When a comic character is as old as Batman, it’s no surprise that he has such a wide and expansive roster of villains wanting to take him down. He’s also a fairly unique character in the fact that those same villains range from the deadly and sinister, to quirky and weird.
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Even non-comic fans know the classics that have solidified their place in pop culture such as the Joker, the Riddler, and Catwoman, but true comic fans know that Batman has an entire roster of underutilized villains that deserve more attention.
At first glance, Man-Bat might seem like a cheap villain that just reversed Batman’s name to capitalize on a monster trope, but his story is quite tragic. He’s a scientist stuck between being a good person, and controlling his violent animalistic tendencies.
While not an A-list villain, Man-Bat is quite popular, and did just recently finish his own mini-series, but the character still has a lot of potential as a Batman adversary that fans deserve to see more of.
Anarky is often viewed as a secondary villain. He’s someone usually thrown into the mix to challenge Batman, but not really to pose as the main threat. Symbolically, he is a great reflection of Batman, and has the potential to be a lot more dangerous.
Like most Batman villains, Anarky is not so much a physical threat as he is an ideological one. There’s a strong possibility he could create a movement within Gotham that Batman would struggle to combat.
8) Professor Pyg
Professor Pyg represents a body horror side of Gotham that writers often touch upon but, never fully embrace. Like so many Batman villains, his appearance might appear goofy, but that doesn’t mean he isn’t terrifying.
In a straight up fight, Professor Pyg probably wouldn’t last very long. That’s not the point of his character, however. There are plenty of ways for him to be a threat and do serious damage, most notably his creative use of sadism as a weapon.
On the surface, Victor Zsasz probably represents the most grounded and realistic Batman villain. He’s a serial killer, the kind of which unfortunately exist in real life. The only thing that places him in the comic book world is his tendency to count his kills through tally marks on his body.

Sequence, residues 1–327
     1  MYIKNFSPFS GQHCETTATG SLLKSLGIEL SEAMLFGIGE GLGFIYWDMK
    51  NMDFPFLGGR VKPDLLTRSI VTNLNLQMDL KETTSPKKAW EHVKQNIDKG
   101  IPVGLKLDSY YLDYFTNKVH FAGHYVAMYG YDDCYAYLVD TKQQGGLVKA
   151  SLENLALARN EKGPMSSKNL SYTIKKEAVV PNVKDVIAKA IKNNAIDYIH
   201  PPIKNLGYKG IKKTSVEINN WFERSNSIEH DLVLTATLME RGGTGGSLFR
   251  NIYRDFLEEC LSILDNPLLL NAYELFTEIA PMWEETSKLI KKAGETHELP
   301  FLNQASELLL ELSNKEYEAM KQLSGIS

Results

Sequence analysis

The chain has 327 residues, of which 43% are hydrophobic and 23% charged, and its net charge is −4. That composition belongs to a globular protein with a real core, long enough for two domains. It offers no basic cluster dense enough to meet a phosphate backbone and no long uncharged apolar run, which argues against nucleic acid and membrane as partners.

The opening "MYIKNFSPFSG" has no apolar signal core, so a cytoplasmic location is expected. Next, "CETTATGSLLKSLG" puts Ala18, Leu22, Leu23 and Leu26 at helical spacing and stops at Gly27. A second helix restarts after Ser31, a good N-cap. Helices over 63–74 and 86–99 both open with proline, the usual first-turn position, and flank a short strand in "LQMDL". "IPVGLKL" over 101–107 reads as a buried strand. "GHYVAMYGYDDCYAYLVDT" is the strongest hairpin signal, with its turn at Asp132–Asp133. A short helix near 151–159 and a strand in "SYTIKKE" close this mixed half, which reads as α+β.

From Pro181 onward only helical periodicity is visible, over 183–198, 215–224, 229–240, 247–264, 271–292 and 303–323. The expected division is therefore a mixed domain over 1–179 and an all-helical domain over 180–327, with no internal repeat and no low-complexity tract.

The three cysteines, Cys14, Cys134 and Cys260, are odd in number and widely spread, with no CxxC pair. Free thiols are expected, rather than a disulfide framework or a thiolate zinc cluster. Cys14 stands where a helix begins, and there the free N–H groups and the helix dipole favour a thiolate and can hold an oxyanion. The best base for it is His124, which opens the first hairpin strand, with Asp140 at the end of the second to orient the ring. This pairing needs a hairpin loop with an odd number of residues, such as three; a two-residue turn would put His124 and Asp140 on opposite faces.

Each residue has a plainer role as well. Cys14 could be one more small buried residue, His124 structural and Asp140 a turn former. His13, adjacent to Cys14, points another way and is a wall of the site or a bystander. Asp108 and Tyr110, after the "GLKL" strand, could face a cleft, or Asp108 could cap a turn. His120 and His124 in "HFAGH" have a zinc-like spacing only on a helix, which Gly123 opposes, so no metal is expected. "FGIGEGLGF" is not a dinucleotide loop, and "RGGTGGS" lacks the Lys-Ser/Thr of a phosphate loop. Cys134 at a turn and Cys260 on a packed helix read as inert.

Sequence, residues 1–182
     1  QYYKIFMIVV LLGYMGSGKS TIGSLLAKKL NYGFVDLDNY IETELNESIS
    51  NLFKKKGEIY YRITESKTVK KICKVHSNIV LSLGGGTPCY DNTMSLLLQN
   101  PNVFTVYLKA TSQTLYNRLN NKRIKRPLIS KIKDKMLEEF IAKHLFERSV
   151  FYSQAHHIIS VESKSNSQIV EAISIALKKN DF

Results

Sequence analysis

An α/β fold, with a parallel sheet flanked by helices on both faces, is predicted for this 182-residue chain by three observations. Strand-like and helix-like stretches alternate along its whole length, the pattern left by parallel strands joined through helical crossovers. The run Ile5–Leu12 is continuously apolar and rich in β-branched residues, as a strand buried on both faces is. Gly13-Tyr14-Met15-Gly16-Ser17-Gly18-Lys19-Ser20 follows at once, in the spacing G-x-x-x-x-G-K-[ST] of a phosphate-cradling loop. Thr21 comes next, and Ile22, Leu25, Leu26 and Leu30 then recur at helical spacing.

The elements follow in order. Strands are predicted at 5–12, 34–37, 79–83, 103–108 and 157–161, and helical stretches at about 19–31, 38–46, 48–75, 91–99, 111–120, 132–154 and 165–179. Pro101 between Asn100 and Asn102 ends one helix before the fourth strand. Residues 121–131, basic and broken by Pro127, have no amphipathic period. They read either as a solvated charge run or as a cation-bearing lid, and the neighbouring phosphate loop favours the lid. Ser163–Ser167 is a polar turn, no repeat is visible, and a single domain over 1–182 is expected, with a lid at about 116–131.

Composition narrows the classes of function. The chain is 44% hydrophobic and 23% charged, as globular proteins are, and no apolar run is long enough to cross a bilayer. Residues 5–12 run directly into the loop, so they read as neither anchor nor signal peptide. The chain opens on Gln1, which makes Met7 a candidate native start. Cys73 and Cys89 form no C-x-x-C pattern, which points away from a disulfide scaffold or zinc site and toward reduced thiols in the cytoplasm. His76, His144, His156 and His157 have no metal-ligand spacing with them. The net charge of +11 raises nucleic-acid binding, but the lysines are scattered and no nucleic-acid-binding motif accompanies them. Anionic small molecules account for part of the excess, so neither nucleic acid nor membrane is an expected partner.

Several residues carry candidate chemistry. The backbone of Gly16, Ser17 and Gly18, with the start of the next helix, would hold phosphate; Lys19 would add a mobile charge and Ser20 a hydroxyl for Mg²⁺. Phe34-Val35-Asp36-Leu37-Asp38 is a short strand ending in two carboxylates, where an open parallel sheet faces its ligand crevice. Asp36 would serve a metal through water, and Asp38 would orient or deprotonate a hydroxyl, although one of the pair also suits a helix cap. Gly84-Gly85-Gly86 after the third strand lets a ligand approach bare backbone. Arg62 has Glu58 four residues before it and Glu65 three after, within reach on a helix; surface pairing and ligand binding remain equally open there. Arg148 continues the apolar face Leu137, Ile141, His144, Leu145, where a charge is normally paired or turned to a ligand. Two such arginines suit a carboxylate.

Again, Zsasz is more of a secondary threat that other villains might use to do their bidding, but that doesn’t mean a story featuring Zsasz as the main threat can’t be profound. If Batman’s ultimate goal is to stop crime, then a Zsasz killing spree definitely falls under that banner.
Bat-Mite is more of a nuisance rather than an actual villain. He even considers himself Batman’s greatest fan, but there’s something oddly scary about any being that has that much magical power.
So many of Batman’s foes are grounded in real abilities or violence that he doesn’t often get to tangle with a threat like Bat-Mite. There’s a lot of potential to mine between this magical imp and the Dark Knight. The correct writer just has to come along and tap it.
5) Killer Moth
The Killer Moth seems to be a villain that was created for the sole purpose of simply being a villain. He had a costume with gadgets, and committed crimes so that Batman could stop him – nothing more. This character could be so much more, though.
Recently, writers have sought to turn the Killer Moth from a persona into an actual monster. It was a valiant attempt to make him more interesting, but perhaps a more dangerous and nuanced version of the character should return.
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4) Mad Hatter
The Mad Hatter is definitely one of Batman’s more quirky villains. He has been depicted many different ways, from goofy to intellectually proficient, but both can be equally dangerous.
The Mad Hatter is a double threat with his mind control abilities, as well as his fanaticism with Alice in Wonderland. Rarely is he featured as the main threat in a story, but the opportunity is there for him to be portrayed quite darkly.
3) The Architect
The Architect was mainly a one-off villain specifically created for a very specific kind of story. Bruce Wayne wasn’t even in it, as Dick Grayson held the title of Batman during that time.
He is a descendant of a family that was screwed over during Gotham’s early days, and so wanted to take revenge on the prominent families responsible. The story was wrapped up nicely, so there hasn’t been much opportunity for the Architect to return. That doesn’t mean he can’t, though, as fans deserve to see how Bruce would react to the villain.
2) Calendar Man
Batman’s villains are probably most notorious for being crazy. That’s why Arkham is such a good place for them. Calendar Man embodies this psychopathic obsession well, and should definitely be explored more.
He’s often seen as more of a sophisticated killer rather than a physical threat, so he’s typically in a Hannibal Lecter-like role behind bars. Perhaps it’s time to unleash Calendar Man on the streets of Gotham as a true cerebral challenge for the Dark Knight.
The interesting thing about the Ventriloquist and Scarface is that their ultimate dynamic has never quite been explained, but that is what is so appealing about the character. There’s always the question about who is really calling the shots.
The Ventriloquist was recently featured nicely in a Tom King story, but ultimately, the character is best when wrapped in Gotham’s organized crime atmosphere. While other crime bosses often rise to the top, perhaps it’s time for this strange pair to take control.